|Call of Cthulhu LCG | Published 25 February 2010||Rating||18 votes|
Tessie sat blowing smoke up to the ceiling and tinkling the ice in her tumbler.
"Do you know, Kid, that I also had a dream last night?" I observed. I sometimes called her "the Kid."
"Not about that man," she laughed.
"Exactly. A dream similar to yours, only much worse."
- Robert W. Chambers, The Yellow Sign
It's safe to say that Hasturs' reputation has been repaired; What once was regarded as a mere support faction has grown into a versatile beast, able to take the offense as well as the defense. Today we'll move the Call of Cthulhu: The Card Game spotlight to a card that is comparatively weak, narrow and ridden with little drawbacks. But for good reason: It does something Hastur decks aren't usually allowed to do.
Those marked by the Yellow Sign are expected to deal with insanity; Hasturs' power grows with the number of people gripped with insanity. There is one rule: Only sensitive individuals can be influenced by the mind control of the Tattered King. Those sound of mind and strong of will are not that easy to fall. And thus, to wither away Willpower, players where forced to look at other factions. This has been a conscious decision, even though Insanity is an important part of Call of Cthulhu: The Card Game. Factions are defined by their strengths, but even more by their weaknesses.
When making a deck, you are offered a choice: Focus your strategy, by exploiting all the power of one faction (making sure that your resourcing is consistent), or dabble with multiple factions so you can fix the chinks in your strategy, at the cost of slightly more trouble building your domains. Fortunately, the resource system also allows you to use a few narrow cards to deal with specific problems – In case your match-up doesn't need a particular card, you can always resource it.
There have been ways of mono-Hastur to deal with willpower, although they're few and far between. There are some conspiracy cards that fit the bill: The Bootleg Whiskey Cover-Up (Core Set, F155) does an admirable job, but requires a voluntary action from your opponent. The Underwater Conspiracy (The Spawn of the Sleeper, F20) also bypasses willpower, but requires you to race against those very Willpower characters you seek to defeat, all the while they will have more access to Investigation icons. Should you win this uphill battle it will also mean you'll send some of your own off to the funny farm.
Another way Hastur interacts with insanity is by attacking the player himself. Several Hastur cards are geared towards attacking the 'mind' of a player by forcing him to discard cards from his hand, until he is too 'mindless' to interact with what is happening on the table. Where Toughness is an ability that comes in degrees, Willpower is just on or off – But this is where the power of Hastur combines into creating gradients in the amount of sanity your characters have left.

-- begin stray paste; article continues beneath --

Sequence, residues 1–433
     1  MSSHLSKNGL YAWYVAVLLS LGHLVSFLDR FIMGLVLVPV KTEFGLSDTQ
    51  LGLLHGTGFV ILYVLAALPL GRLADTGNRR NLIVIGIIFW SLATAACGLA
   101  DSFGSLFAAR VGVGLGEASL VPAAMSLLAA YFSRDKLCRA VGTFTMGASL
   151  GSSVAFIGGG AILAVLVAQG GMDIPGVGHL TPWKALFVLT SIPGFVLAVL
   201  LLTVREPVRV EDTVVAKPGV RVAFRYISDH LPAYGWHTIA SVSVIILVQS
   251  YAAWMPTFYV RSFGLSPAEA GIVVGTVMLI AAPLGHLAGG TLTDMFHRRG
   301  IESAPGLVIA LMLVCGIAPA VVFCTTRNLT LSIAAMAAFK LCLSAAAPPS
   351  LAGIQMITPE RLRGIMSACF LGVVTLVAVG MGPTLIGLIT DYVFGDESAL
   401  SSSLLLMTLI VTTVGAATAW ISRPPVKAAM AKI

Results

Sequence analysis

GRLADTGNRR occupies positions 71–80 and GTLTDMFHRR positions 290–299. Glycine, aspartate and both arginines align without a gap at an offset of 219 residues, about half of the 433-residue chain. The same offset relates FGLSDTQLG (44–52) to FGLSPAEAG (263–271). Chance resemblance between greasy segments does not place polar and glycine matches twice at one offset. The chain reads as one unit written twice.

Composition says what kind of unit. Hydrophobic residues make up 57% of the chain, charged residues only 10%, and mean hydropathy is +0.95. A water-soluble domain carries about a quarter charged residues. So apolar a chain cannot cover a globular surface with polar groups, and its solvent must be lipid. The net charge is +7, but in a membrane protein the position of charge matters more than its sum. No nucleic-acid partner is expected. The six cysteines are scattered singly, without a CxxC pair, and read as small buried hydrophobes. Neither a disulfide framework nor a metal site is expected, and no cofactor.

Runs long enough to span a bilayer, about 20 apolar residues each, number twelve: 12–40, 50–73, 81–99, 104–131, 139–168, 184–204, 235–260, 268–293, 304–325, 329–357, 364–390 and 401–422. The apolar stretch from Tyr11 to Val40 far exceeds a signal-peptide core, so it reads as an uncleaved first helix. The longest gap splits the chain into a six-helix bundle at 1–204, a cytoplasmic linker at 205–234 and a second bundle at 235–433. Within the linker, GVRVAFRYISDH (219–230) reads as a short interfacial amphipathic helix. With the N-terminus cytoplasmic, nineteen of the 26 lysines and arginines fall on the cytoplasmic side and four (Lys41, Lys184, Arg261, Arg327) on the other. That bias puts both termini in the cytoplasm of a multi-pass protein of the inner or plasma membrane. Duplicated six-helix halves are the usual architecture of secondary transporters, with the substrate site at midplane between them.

Keeper of Dreams (Journey to Unknown Kadath, F109) offers a cruel choice: Someone is going to lose a piece of their will... but is it the player, or a character? How far are you willing to go? Would you discard a card at random to keep your characters from falling into madness? Part of the Keepers' weakness is that it indeed does offer a choice, at least as long as you have cards to discard. Byakhee Attack (Core Set, F95) and other discard effects make the will needed to choose dwindle very fast. On the other hand, Miskatonic is skilled at healing insanity and the research ability of cards like Obsessive Insomniac (In Memory of Day, F24) creates a buffer of story elements to keep your characters' faculties from failing. Hand management is everything.
This is the mirror universe of the Dreamlands: Hastur now actually gets a little power from willpower, if your opponent wills it. Yes, you have to keep some drawbacks in mind: Without willpower on the table it's 'just' a unique, villainous character with that also happens to be a Creature Monster: Richard Finchington III (Ancient Horrors, F7) and other Ancient Horrors characters will have a field day. But when great minds commit themselves to stories, it's either losing a random card, or seeing The Greatest Fear come true.
Special thanks to Marius Hartland, who provided this week’s Call of Cthulhu spotlight.
Based on the fiction of H.P. Lovecraft and his literary circle, Call of Cthulhu: The Card Game takes two players deep into the Cthulhu Mythos where investigators clash with the Ancient Ones and Elder Gods for the fate of the world. The Living Card Game™ format allows players to customize their gaming experience with monthly Asylum Pack expansions to the core game.
Another great write-up Marius! These cards just keep getting better.